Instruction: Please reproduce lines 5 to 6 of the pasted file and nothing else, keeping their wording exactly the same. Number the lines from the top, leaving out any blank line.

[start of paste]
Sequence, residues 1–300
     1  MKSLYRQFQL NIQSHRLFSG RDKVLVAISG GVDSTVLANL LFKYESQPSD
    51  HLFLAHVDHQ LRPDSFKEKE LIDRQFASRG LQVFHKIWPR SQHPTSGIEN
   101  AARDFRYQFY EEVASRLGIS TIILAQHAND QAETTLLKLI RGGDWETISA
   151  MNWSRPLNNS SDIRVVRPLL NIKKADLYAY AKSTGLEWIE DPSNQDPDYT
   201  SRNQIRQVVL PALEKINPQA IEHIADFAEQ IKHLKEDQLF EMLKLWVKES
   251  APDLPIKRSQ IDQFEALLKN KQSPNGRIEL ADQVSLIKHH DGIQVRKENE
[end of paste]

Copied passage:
   151  MNWSRPLNNS SDIRVVRPLL NIKKADLYAY AKSTGLEWIE DPSNQDPDYT
   201  SRNQIRQVVL PALEKINPQA IEHIADFAEQ IKHLKEDQLF EMLKLWVKES